Throughout my first week at PRYSE Academy, I have been exposed to a host of important skills necessary for working at an out-of-school organization. Effective communication skills are absolutely essential in order to make sure the kids understand what is going on, feel supported, and are able to have meaningful conversations that help them grow. The virtual setting of camp this year just makes this so much more important, as everybody is not in a physical classroom to monitor progress and offer assistance. The need for translators adds yet another level of complication to communication, making the ability to get one’s point across as clearly as possible crucial. This leads to the second important skill needed in this line of work- patience. Obviously patience with the new technology due to the nature of the camp this year is important. The first couple days of camp were an adjustment, as the counselors got accustomed to leading the group virtually and the kids got used to how the program was going to run. There were awkward pauses, long moments of silence, and many moments of people speaking over each other (as anyone who has done a large zoom call in the last couple months has experienced), but the patience shown by the counselors set the tone for the class, and instead of everybody getting frustrated and giving up they worked together. This patience was extended to explaining the activities of the day and collecting information from the kids, and without this patience it would have been a chaotic mess. Going off of this, the third essential skill needed to work in an out-of-school program is adaptability. Many times throughout the week, the counselors would have an activity all planned out and then introduced it to the class, which would proceed to talk it over and alter the activity. Instead of getting frustrated, the counselors embraced the opportunity let the kids take the lead in adjusting the activities to meet their needs. I also confronted similar circumstances when giving one-on-one ESL tutoring, where I would come in with a whole lesson plan for the day which basically got thrown out the window as soon as classes started. This was for the best, because the student lead sessions both addressed exactly what needed to be practiced and kept the student engaged. The humility to step back and let others take the lead is essential in this work, and leads to a beautiful collaboration that gives the youth in the program the best opportunity to thrive. These skills would be necessary in a regular setting for refugee youth, but the online nature of the program amplified the need for these attributes even more as unexpected complications arose and the challenge of engage the students increased tenfold.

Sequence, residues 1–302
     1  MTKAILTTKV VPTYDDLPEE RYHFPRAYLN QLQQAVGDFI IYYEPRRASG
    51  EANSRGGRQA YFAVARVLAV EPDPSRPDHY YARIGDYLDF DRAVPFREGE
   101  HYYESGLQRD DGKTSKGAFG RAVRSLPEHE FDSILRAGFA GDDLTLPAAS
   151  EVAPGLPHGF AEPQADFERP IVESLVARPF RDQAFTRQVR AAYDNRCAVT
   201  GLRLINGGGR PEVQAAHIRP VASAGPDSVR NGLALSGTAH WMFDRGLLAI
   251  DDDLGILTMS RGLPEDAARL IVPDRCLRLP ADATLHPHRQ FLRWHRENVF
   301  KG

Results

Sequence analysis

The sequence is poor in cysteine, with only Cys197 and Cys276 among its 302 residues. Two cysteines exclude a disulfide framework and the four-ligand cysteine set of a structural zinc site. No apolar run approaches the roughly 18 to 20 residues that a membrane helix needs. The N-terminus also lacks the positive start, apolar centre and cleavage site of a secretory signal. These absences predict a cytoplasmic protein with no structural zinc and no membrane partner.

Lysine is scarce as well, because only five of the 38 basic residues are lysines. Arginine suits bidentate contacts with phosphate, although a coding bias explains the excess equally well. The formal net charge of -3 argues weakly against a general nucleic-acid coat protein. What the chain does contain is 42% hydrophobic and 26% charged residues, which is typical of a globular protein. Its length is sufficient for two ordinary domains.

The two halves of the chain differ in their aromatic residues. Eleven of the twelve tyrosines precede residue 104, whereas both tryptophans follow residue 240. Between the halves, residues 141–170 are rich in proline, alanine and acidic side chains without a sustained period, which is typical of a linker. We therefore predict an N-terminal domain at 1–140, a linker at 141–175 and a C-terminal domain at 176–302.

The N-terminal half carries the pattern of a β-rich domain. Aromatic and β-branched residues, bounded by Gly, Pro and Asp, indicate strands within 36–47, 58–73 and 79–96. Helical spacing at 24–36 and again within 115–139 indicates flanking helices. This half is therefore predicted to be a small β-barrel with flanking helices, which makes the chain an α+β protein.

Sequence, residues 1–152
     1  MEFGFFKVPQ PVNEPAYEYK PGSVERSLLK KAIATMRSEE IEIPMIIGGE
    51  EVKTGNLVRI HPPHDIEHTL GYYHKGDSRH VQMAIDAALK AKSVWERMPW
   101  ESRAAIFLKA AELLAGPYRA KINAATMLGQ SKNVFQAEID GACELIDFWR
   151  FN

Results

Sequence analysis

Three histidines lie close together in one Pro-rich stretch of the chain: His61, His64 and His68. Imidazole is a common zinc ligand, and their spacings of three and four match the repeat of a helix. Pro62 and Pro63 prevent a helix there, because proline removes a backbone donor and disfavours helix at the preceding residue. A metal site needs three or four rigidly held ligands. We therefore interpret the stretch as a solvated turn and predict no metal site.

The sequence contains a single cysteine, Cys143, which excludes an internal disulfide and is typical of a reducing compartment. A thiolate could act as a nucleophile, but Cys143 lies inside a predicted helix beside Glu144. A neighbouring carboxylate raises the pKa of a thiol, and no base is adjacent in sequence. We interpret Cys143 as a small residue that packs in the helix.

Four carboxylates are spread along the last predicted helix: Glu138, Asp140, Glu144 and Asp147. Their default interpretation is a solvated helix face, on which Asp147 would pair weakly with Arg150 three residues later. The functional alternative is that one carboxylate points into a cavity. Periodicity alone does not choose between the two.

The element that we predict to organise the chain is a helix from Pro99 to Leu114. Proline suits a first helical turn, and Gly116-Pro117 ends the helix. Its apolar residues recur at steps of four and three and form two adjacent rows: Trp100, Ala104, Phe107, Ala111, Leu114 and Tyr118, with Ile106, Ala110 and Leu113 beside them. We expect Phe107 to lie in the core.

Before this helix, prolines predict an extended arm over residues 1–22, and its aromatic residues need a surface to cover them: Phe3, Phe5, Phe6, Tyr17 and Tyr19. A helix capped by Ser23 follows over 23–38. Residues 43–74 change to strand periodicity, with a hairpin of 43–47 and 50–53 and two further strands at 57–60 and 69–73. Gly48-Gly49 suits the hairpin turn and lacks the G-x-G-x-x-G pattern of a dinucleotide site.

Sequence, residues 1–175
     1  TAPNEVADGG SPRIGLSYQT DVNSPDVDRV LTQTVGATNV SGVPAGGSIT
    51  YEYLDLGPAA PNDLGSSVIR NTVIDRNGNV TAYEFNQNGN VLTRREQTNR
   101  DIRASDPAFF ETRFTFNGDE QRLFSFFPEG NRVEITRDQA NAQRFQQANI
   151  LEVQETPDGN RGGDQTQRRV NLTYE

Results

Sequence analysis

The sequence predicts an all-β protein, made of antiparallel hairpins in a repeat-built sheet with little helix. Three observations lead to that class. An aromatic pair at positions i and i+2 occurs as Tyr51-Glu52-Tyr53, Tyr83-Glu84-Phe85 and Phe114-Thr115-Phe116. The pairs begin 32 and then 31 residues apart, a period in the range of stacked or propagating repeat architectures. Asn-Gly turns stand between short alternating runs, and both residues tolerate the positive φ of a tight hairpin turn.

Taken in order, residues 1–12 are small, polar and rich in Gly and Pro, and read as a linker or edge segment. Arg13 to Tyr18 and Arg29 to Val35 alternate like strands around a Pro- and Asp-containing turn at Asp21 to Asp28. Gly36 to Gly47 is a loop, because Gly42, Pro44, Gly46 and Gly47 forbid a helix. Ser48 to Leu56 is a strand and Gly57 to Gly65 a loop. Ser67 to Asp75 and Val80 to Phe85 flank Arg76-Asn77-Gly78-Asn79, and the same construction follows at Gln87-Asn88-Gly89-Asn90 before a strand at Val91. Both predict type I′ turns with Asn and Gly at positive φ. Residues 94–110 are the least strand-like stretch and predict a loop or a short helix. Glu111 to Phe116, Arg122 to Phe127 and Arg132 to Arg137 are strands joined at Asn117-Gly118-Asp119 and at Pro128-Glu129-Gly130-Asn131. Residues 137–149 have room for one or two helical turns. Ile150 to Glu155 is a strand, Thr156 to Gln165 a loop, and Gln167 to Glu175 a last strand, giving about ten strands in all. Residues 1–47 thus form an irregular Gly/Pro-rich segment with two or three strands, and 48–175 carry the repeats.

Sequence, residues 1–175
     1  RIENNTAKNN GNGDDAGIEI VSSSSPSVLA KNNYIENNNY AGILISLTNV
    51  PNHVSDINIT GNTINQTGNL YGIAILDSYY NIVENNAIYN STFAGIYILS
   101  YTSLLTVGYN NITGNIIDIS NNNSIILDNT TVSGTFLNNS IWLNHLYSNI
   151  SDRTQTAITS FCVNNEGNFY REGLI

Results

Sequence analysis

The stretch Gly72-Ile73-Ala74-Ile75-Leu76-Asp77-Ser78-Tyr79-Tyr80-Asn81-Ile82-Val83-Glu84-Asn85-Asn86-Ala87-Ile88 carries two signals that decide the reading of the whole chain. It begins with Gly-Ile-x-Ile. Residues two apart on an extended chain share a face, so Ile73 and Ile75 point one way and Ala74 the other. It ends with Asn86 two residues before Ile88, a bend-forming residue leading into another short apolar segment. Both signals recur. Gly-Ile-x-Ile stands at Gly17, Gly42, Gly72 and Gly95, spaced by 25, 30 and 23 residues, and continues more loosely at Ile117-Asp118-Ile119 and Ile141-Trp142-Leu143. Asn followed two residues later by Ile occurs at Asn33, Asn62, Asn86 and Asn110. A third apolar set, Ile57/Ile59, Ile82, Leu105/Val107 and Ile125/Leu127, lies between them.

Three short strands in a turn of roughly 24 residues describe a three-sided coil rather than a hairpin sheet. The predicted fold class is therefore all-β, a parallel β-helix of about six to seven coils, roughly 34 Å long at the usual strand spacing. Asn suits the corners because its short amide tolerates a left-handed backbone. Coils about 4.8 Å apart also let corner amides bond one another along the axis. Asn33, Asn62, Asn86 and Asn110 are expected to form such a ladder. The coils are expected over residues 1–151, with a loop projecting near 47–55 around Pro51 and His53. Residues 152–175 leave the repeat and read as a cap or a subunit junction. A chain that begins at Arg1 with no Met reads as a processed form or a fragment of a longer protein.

The skills listed above would be important in any setting working with youth, but their are other skills that are uniquely needed working at ARYSE and therefore PRYSE Academy. One is an understanding of the cultural norms of the different countries students are from. This aids in making sure every student feels comfortable and can help make lessons more effective and fun for everybody. Another important thing is the ability to take cues from students. Some topics are very sensitive to our youth, and instead of forcing them to talk about potentially triggering things the counselors at PRYSE have made an effort to invite students to speak about something in anyway that makes them comfortable. Students may also give subtle cues that they are confused, uncomfortable, or upset but not want to say it out loud to draw attention to themselves, which is why it is important for everyone in the space to be paying close attention to address situations as they arise. This is further complicated by being online, and is a challenge not only out program but everybody in the educational field will have to address in the age of online classes.

This first week instantly displayed how important the extra efforts of the team at ARYSE had made to be able to offer this program online: every kid said they were excited to see their peers for the first time since school finished and was excited to meet new people. This spirit of hope and community has made every extra effort worth it, and I am excited to watch the program evolve over the next couple weeks.